Northeastern student Matt Walsh, back, left, in Bbanda, Uganda, in Spring 2009. Courtesy photo.
December 8, 2010
Two Northeastern University students were recently named “Emerging Leaders” by Engineers Without Borders–USA (EWB–USA) for building clean-water distribution systems for more than 1,000 villagers in Honduras and Uganda.
Ann Polaneczky and Matt Walsh were two of only nine collegiate or professional engineers in the 12,000-member nonprofit humanitarian organization to earn the distinction.
EWB–USA works on some 350 water, renewable energy and sanitation projects in more than 45 developing countries around the world. Northeastern’s student chapter of the organization, founded in 2005, has brought clean water to families in El Tecuán, Los Planes and El Chaguite, Honduras, and Bbanda, Uganda.
Northeastern’s group, which has more than 100 members, was named the North East region’s Premier Chapter of 2010 by EWB–USA for their technical preparedness and willingness to share resources with other chapters.
The young engineers say their work changes lives. Access to clean water has enabled villagers to grow gardens, increase the quality of the food supply and prevent water-borne illnesses.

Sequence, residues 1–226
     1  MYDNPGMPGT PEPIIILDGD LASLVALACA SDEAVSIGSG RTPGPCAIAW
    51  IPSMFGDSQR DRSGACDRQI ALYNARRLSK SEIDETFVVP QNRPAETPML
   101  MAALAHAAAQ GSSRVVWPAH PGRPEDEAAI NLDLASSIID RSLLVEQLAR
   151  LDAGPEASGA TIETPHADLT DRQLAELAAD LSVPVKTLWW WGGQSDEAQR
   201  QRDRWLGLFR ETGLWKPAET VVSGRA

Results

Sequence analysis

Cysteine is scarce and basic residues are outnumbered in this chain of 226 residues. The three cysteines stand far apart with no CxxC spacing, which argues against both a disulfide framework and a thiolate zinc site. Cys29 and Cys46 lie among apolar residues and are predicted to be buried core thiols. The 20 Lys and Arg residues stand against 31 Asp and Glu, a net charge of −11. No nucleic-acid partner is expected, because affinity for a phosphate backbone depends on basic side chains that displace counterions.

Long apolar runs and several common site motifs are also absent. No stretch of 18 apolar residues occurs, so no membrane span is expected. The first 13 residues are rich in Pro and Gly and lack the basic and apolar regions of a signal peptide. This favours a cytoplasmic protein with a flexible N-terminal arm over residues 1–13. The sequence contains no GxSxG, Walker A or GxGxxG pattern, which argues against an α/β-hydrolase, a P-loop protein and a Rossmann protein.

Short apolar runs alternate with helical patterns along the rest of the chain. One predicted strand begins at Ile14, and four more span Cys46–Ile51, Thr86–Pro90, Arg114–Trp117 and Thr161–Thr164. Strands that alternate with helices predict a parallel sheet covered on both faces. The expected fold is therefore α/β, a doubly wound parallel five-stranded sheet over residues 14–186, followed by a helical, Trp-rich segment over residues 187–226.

“We’re improving quality of life for everyone,” says Polaneczky, a senior civil engineering major who served as president of Northeastern’s chapter from July 2009 to October 2010. “The more engineers who have a global perspective, the better the whole world will be, especially in developing countries.”
Over the last two years, Polaneczky twice led her team to El Chaguite to collect data and construct a 6,500-gallon water storage tank and new transmission lines. Today, there’s a tap at each house, the church and the school. In August, she and her teammates visited Bbanda, to drill two wells and complete a rainwater catchment system.
Walsh, the current president of the Northeastern chapter, and other members of the group met with community leaders in Bbanda in 2009 to discuss social and technical factors shaping the village’s water crisis. Later this month, he’ll travel to Honduras to select another village in which Northeastern students will build a new clean-water distribution system.
His team’s work is of utmost importance to the livelihoods of the villagers in Uganda.
“When we were in Bbanda, villagers from other parts of the region were asking when we were coming to their villages,” says Walsh, a junior civil engineering major. “It’s really changing lives.”
The experiential learning opportunity isn’t lost on Northeastern students, says faculty advisor Ferdi Hellweger, an associate professor of civil and environmental engineering.
“This program provides students with a broad perspective on how to solve problems that aren’t possible to explore in the classroom,” he says. “These types of out-of-classroom educational and professional development experiences are really important.”